Wednesday, August 12, 2015

Infinite Intelligence --- Day 4/195

Walk: Candlestick Park (for KNT), Sundance Kabuki (The End of the Tour (2))
Distance: 2 miles

Bloomington, Illinois

The delete yesterday was for the best.  It has only happened to Ciwt 3-4 times since having a computer, and always it has been when she is feeling ambivalence but trying to override it.

There were many things enchanting, endearing and seductive that pulled people (definitely including Ciwt) to David Foster Wallace personally and in his writings. Many of these elicit a sense that you are really getting to know him.  But, no; it couldn't be done.

You can know his size, his athletic but also lumbering heft.  The freshness and immediacy of his mind was apparent from 1000 yards.  His voice was soft, distinctive, and melodious; he was in glee clubs.  There were teeny tics, grimaces, hesitations, so much humor.  According to his sister, he was a perfect mime who could get into people's skins and minds and voices within moments.

Ciwt can totally appreciate his hair, his relationship with it.  It was unruly, stringy and he was a total perfectionist with incredibly high standards for himself.  He went through a variety of strange periods with that hair, Ciwt guesses trying to reconcile it with his standards. But there was fluidity with the standards, a persistent wonderment about exactly how he should look and be perceived. Finally he settled on a constant bandanna which probably obfuscated the hair situation, absorbed his periodic heavy sweating and might have functioned as a sort of security blanket.  (Ciwt sometimes wears hats..)

F. Scott Fitzgerald famously said in The Crack-Up, "The test of a first rate intelligence is the ability to hold two opposed ideas in the mind at the same time and still retain the ability to function."  Ciwt likes to think Fitzgerald would have been unprecedentedly astounded if he had encountered Wallace's intelligence. It appears as if Wallace (Ciwt fights the urge to call him David, like a known friend)  encountered every moment anew and in its entirety.  At once he took in the person, the clothes, the weather, maybe historic weather patterns,  the room, the furniture in it, maybe how it was made, the morality of the situation, the many possibilities for what was expected and how to look and act.  From the outside it appears this and more exploded into and was held by his consciousness while he applied his maddening and compelling intelligence to (perfectly) organizing the material at hand.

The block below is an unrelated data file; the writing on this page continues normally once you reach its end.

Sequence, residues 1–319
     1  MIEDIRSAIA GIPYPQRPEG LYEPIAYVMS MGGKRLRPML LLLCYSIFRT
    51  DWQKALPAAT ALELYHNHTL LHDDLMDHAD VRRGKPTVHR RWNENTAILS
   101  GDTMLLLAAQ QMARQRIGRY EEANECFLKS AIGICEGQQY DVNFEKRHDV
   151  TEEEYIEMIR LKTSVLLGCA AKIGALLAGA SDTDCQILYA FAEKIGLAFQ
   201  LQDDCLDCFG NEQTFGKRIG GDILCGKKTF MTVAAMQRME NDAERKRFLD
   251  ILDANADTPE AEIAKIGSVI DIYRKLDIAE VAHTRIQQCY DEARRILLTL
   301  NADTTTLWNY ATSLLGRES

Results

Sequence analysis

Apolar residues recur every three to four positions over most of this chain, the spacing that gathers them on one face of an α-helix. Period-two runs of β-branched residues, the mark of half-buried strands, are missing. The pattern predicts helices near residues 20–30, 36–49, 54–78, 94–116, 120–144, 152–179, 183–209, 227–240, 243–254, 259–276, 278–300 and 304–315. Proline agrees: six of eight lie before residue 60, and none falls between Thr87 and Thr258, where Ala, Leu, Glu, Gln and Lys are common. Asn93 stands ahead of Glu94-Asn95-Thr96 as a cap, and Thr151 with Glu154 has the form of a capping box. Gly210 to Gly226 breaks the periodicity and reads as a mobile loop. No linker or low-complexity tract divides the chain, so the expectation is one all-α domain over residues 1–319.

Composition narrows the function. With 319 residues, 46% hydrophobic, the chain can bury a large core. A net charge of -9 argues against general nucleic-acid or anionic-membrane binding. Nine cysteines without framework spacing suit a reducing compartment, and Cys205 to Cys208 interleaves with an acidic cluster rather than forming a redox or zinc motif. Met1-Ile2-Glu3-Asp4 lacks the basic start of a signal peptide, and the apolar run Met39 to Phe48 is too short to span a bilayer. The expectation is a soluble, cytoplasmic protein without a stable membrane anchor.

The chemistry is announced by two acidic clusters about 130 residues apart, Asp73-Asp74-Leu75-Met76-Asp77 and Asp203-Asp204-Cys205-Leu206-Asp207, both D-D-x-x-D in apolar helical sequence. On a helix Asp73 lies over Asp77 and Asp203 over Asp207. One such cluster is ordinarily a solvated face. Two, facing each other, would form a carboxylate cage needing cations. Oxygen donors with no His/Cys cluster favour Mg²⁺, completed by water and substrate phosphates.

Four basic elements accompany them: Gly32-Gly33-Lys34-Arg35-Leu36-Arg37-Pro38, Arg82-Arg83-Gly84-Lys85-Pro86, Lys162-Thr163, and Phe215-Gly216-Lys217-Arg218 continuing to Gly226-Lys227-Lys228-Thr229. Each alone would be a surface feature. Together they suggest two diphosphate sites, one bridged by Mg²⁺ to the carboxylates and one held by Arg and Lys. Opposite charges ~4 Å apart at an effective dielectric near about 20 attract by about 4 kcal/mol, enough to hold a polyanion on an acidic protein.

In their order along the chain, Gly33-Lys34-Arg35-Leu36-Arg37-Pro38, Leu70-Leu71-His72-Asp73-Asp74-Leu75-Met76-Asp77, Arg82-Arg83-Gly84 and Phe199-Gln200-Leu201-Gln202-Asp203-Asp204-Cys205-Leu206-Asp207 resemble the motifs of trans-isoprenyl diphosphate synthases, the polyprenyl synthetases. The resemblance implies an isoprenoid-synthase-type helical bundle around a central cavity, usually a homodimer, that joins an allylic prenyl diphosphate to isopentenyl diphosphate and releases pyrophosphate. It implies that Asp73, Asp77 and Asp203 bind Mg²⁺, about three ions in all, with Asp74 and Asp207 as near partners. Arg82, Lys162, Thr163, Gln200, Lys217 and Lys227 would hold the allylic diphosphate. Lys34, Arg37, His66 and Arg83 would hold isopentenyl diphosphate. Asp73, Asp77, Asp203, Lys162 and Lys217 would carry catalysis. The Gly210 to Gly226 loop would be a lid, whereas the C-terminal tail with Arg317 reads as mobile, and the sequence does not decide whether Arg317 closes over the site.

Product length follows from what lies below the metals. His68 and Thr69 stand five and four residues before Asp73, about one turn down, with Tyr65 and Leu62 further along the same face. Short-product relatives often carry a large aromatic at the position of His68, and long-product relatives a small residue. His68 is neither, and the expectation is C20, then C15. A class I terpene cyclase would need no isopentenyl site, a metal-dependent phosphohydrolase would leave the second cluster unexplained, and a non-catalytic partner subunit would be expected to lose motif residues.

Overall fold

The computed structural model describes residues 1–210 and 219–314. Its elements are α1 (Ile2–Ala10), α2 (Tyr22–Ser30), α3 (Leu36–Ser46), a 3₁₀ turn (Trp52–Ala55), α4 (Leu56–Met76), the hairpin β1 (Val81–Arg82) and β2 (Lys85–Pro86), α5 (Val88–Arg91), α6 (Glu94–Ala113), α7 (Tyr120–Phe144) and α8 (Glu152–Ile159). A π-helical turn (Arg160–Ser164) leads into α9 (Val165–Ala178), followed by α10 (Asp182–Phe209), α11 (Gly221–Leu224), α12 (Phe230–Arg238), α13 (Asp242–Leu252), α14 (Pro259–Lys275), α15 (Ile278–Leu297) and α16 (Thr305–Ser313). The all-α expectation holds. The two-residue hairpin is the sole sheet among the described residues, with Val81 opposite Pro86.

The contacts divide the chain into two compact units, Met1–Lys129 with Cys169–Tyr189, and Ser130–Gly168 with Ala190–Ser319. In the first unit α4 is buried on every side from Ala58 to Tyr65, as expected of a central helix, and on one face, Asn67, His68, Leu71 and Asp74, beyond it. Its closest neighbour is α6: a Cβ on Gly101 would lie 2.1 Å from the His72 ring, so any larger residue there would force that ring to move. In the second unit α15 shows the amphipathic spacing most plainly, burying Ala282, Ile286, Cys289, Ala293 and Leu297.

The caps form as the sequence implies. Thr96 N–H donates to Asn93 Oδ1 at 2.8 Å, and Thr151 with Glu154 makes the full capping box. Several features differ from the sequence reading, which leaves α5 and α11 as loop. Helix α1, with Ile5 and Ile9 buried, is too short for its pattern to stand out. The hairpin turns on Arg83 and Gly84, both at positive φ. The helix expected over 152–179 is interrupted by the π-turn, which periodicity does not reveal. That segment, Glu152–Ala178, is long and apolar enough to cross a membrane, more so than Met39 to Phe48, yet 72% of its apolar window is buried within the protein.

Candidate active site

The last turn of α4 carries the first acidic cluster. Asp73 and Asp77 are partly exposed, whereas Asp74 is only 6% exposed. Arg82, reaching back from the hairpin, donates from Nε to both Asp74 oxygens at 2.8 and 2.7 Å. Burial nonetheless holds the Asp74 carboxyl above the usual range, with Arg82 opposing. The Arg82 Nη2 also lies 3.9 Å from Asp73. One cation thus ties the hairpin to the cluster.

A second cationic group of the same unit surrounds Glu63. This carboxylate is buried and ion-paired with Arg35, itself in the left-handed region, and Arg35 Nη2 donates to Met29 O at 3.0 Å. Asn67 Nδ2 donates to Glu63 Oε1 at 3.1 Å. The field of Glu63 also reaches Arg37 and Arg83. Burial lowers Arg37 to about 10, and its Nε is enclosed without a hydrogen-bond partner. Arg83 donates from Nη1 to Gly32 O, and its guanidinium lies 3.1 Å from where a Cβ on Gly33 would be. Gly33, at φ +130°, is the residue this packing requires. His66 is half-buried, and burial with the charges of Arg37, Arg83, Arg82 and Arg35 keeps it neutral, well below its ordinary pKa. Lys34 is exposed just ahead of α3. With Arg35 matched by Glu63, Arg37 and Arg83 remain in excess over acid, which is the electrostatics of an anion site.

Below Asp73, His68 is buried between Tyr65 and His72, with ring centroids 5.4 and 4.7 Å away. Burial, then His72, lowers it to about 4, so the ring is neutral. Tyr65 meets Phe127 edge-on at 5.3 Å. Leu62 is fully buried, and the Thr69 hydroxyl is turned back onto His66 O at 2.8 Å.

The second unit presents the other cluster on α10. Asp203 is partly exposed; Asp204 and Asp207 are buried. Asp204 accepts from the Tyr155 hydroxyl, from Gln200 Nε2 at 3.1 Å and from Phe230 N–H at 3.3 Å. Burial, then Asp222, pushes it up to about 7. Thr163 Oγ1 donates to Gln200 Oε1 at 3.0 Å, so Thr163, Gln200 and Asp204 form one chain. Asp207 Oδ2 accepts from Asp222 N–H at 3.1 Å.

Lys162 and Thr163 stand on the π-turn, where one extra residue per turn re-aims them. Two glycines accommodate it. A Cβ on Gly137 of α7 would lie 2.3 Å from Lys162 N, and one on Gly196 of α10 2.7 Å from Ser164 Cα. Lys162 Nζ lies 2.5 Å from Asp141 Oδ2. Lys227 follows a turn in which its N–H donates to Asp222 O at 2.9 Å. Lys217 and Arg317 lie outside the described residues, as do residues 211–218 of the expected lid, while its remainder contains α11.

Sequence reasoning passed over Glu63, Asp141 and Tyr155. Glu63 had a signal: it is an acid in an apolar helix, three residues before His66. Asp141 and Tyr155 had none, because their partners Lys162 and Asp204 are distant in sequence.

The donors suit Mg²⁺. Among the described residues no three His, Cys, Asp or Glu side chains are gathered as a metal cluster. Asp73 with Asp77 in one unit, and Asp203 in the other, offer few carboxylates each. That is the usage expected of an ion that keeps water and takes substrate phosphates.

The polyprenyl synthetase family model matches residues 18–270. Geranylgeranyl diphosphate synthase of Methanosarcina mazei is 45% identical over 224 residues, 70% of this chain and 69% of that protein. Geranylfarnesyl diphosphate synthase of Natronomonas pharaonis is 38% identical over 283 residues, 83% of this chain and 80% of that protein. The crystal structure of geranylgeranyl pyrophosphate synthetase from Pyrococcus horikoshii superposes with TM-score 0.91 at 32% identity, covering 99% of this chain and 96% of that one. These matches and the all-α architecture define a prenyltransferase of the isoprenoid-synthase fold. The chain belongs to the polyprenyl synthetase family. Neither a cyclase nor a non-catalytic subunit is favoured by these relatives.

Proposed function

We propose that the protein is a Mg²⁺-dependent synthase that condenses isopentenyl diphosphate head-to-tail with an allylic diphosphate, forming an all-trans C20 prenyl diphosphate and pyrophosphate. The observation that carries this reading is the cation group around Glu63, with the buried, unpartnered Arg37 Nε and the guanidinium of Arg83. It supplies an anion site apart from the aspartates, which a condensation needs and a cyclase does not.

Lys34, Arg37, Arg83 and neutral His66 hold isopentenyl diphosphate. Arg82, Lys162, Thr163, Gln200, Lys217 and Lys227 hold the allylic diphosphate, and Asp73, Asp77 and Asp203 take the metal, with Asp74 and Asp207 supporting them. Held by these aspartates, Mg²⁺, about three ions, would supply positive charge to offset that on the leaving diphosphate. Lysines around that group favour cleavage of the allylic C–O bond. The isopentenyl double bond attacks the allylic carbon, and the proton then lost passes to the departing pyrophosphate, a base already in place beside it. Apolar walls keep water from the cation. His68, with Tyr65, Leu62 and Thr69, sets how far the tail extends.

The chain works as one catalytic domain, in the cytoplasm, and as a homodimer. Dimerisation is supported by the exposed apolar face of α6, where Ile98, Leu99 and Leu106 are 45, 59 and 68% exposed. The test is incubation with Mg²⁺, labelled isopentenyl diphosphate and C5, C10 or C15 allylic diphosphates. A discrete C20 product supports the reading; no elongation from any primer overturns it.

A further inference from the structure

For Ciwt - and many, many others including the MacArthur Genius grantees - just witnessing this is awesome, breathtaking.  He so distrusted the role of entertainment in our culture, but, yes, his intelligence and whole way was highly, highly entertaining.

All of which makes another part of Ciwt - and many others she's sure - guilty and sad because David Foster Wallace was also very vulnerable and fragile.  He was seriously depressed for a long, long time and worked very, very, very hard to both hide (because it was private) and resolve the sense of helplessness, diminishment and who knows what else the depression entailed.  He also worked exceedingly hard at his craft; Ciwt cannot imagine the energy it would take to sit alone for three years in a black-painted (by him) room in Illinois (which he loved) writing a 1,000+ page book every word of which met the highest personal standards of his perfectionist sensibilities.  Which is what he did with Infinite Jest.

So, here's Ciwt writing about David Foster Wallace in spite of herself.  If you're interested in him or an author's life well told or excellent indies, Ciwt highly recommends The End of the Tour where you can see 'him' for yourself.  Nearly every word of dialogue was spoken by him into a tape recorder for a Rolling Stone  reporter who stayed with him for five days in the days of Infinite Jest fame.  So the movie is as accurate an accounting of that time as can be. (The family is understandably upset the recordings were used this way, but there have been no embellishments to his actual thinking and words). Jason Segel comes as close to capturing Wallace as anyone could so there is great respect in the acting. Bloomington, dogs, the things that were close to Wallace at the time are also respected.

So, if this is your type of movie, and you like uniquely likable, original people and powerhouse minds, go.
Image result for david foster wallace David Foster Wallace

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